His tulips trembled, while mine were absent.
We never were gardeners, but explorers. We
watched boats each December, lit gaudy unto
Christmas; we were frantic when we dreamed.

The scientist tripped over speckled pumice.
Light travels faster than sound;
I saw his crooked nose
before I heard his laugh.

Could he know, how cold our heat was—our muscles
spasmed, electronegative tremors—epileptic.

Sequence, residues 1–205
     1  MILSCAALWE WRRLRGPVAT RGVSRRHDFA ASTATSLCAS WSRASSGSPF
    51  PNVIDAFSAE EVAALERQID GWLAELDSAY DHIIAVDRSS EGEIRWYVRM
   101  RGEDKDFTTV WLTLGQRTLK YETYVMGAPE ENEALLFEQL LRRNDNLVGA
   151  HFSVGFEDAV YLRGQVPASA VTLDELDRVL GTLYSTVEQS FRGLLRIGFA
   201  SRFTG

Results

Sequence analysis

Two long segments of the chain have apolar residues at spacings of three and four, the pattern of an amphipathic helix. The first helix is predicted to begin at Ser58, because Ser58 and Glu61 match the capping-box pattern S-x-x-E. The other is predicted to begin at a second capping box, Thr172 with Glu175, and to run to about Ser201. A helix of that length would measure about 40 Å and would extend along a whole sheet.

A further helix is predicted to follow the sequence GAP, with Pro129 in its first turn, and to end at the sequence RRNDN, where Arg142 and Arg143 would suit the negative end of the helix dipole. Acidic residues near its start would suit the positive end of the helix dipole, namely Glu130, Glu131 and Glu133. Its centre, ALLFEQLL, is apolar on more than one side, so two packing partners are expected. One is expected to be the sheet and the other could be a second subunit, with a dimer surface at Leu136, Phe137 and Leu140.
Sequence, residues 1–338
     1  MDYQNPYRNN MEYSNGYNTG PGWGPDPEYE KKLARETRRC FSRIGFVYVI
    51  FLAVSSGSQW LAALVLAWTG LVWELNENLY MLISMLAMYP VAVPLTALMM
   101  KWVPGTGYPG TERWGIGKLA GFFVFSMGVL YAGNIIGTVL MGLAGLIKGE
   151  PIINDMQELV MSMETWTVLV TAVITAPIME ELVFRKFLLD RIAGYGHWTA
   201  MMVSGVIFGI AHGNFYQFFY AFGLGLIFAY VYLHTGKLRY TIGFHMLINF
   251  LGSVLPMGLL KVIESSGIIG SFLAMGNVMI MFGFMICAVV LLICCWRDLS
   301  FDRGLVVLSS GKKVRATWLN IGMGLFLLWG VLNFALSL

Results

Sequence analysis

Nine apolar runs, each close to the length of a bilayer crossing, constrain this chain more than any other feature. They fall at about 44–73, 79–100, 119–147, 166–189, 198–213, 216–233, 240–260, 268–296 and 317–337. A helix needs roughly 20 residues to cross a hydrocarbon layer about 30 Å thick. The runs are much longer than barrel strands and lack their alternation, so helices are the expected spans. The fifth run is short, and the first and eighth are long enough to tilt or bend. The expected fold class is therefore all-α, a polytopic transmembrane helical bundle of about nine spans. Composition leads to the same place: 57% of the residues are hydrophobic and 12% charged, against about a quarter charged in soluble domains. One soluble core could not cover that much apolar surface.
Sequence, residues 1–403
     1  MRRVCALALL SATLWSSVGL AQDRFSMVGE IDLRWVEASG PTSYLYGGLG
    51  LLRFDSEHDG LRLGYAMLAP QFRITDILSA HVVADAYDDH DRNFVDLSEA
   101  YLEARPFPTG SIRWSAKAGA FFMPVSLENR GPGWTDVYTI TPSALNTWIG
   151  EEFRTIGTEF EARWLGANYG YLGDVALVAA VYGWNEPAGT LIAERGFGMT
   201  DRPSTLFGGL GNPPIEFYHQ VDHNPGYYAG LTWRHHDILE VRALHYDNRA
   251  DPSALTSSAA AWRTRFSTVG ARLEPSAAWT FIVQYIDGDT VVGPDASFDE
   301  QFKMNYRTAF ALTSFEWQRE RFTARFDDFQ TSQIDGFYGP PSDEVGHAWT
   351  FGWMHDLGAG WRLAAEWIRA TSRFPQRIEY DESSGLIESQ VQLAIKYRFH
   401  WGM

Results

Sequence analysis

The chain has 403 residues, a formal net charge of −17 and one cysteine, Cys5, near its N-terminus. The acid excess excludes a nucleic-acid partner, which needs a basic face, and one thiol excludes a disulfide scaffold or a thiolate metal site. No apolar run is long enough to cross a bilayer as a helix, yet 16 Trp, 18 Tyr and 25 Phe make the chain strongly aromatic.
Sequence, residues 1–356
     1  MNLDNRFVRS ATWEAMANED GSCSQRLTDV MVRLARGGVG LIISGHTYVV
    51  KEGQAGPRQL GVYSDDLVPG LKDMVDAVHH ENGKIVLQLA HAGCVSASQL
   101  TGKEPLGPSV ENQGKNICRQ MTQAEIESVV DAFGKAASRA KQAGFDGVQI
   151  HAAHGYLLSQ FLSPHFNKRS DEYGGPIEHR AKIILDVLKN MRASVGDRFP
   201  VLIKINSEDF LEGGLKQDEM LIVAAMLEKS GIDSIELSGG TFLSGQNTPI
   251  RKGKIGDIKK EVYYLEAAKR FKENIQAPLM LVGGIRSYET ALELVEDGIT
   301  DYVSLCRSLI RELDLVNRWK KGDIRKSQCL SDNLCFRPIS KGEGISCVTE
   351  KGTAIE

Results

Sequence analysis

When the weather was cool,
his fingers kindled my curves—his
knuckles scalded my breasts.
We were particles, we were nothing—
we were sixteen, and we shivered, raw uncertainty,
from so much heat.

Afterwards, twirling on dull wooden planks,
I knew every other moment I'd ever feel was obsolete.
However, we were gone. His lips were already disintegrating,
his ankles turned to dust. I, resilient, grew opaque.

After breakfast that May, a cluster
of worms soaked up the fresh rain.
You brought me a tulip.